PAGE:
Google Earth Maps Out At-Risk Populations Around Nuclear Power Plants
Image via Google Earth Screen Grab via Nature
If a nuclear power plant in the US were to have issues, who would be affected? In a partnership between Nature News and Columbia University, we now have a Google map that tells us the population sizes around plants so we can easily scan and see the number of people that could be affected should anything occur at the plants.
The team Power Reactor Information System (PRIS) database run by the International Atomic Energy Agency (IAEA), and Columbia University's NASA Socioeconomic Data and Applications Center to map out in an easy-to-read way, the location and size of nuclear power plants as well as population numbers around those plants.
On the map, population sizes are illustrated with circle size as well as color. Green circles represent less than 500,000 people and on the other side of the scale, red circles represent populations of over 20 million.
It's a little scary to see the amount of impact a plant could have should it face troubles. But there's more than just the US to worry about. The map covers the entire world -- check out impacts a potential meltdown could have in India and China:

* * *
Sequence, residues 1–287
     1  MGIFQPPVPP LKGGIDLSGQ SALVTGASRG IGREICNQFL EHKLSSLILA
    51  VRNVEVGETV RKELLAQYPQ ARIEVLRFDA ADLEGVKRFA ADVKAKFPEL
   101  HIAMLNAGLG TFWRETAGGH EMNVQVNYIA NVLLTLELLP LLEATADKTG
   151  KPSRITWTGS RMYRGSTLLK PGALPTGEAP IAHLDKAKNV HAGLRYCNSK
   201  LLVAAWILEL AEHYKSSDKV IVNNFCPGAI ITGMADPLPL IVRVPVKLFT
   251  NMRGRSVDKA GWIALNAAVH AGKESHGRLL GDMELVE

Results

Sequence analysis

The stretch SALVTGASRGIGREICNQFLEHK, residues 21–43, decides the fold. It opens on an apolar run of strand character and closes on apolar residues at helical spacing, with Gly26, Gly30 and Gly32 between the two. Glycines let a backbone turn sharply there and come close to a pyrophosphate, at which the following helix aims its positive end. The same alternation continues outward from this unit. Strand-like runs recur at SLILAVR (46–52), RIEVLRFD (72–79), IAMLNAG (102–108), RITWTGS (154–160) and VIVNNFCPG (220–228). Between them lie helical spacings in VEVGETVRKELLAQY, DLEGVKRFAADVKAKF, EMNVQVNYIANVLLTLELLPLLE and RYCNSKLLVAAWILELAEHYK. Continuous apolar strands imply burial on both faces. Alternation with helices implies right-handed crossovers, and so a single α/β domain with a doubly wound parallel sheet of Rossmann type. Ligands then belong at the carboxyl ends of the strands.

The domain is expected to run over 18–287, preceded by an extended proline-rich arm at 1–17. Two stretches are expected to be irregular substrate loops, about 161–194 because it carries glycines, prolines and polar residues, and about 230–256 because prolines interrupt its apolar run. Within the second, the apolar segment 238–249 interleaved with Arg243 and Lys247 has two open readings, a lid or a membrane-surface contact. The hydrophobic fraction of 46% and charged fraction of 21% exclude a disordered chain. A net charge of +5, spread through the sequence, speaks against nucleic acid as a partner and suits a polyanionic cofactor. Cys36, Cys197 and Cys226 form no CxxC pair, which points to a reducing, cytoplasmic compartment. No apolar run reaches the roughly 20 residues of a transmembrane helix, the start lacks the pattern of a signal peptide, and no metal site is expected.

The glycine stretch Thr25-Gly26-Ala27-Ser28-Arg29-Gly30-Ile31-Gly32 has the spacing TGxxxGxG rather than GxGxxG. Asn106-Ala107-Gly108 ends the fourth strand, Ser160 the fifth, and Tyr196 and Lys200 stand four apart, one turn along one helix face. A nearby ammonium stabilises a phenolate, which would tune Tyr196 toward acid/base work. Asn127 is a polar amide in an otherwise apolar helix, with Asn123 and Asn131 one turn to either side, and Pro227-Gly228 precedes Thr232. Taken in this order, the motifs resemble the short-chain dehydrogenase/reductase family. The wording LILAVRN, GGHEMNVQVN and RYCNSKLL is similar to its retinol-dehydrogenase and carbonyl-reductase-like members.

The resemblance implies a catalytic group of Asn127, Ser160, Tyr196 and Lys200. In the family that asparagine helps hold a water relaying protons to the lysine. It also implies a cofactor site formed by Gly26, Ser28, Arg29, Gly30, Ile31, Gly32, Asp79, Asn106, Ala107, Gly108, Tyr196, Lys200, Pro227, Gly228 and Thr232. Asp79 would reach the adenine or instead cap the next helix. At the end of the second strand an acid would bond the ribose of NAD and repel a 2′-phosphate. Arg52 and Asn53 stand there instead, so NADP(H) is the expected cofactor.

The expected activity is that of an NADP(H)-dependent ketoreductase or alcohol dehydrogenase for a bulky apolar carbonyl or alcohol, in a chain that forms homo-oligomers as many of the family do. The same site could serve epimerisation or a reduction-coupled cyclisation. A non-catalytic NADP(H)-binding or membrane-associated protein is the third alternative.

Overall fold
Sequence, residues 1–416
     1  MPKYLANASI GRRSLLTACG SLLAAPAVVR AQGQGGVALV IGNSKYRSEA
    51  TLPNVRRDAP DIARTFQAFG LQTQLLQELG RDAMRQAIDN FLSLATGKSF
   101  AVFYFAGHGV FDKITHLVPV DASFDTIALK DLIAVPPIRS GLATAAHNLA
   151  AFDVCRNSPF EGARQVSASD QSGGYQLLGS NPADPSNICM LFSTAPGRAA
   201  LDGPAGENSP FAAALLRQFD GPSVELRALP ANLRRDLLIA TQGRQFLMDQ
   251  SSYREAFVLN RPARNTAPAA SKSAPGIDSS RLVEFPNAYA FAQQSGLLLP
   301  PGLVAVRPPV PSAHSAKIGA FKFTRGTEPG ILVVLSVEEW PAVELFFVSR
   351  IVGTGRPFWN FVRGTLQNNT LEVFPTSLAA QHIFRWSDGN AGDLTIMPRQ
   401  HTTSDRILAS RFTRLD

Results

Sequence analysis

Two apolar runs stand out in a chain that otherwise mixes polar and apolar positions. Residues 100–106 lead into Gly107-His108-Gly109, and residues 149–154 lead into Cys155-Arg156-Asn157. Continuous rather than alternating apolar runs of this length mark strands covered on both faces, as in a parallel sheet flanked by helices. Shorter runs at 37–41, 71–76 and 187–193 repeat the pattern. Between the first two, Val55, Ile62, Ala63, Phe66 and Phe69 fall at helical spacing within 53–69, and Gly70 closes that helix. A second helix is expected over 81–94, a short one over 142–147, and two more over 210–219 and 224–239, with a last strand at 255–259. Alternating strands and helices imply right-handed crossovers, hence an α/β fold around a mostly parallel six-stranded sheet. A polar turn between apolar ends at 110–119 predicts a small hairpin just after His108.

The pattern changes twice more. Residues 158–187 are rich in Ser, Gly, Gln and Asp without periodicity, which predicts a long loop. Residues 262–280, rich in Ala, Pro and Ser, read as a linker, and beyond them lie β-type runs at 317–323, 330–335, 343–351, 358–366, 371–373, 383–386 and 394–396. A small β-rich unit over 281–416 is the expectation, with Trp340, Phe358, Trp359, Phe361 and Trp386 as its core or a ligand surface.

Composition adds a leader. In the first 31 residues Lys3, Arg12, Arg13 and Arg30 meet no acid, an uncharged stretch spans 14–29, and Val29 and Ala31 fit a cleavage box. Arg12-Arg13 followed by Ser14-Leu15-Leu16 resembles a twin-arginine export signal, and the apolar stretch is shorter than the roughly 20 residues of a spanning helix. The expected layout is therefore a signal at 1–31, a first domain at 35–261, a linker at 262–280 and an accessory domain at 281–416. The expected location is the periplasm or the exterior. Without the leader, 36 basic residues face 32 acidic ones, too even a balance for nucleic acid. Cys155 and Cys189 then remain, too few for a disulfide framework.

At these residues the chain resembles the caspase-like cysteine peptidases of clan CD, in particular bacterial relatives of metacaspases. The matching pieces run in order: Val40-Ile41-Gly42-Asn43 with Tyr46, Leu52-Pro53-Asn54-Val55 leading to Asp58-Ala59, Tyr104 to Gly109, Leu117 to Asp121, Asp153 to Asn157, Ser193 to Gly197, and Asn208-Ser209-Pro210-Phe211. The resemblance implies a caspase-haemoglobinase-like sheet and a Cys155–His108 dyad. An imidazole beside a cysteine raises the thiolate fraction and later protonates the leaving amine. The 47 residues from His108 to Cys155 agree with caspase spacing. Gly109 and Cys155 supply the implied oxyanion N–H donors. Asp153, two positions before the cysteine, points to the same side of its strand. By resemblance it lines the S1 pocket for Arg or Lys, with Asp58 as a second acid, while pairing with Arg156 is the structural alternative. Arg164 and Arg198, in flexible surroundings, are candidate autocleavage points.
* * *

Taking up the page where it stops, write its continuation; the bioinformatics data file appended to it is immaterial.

Of course, maps like this probably won't do anything to encourage people to move away from a nuclear power plant when scenarios are only "what ifs" but information visualization like this could do something to discourage support of yet more nuclear power plants, and bolster support of renewable energy alternatives -- or at the very least, supplementing power needs with renewable energy instead of a new nuclear power plant. While nuclear is touted as being "safe" and "clean," disasters like Fukushima point out that it may be the case in the best of circumstances, but there's certainly no guarantee. And placement of the plants is a critical part of that "safe" factor -- for example, as TreeHugger Brian Merchant reported, "Diablo Canyon nuclear plant, which sits just miles away from the notoriously active San Andreas fault -- and a mere half-mile from another recently discovered fault -- operated for a year and half with its emergency systems disabled."
PhysOrg aptly points out, "Of course, what's not shown in these maps are confidence measures to show how safe the plants actually are, which even if they did exist, would be based on assumptions and suppositions, likely created by the very same people that were operating them; not exactly a situation that would warm the heart."
You can use Google Earth to scroll around the globe and find more details on location of and population near the various nuclear power plants.
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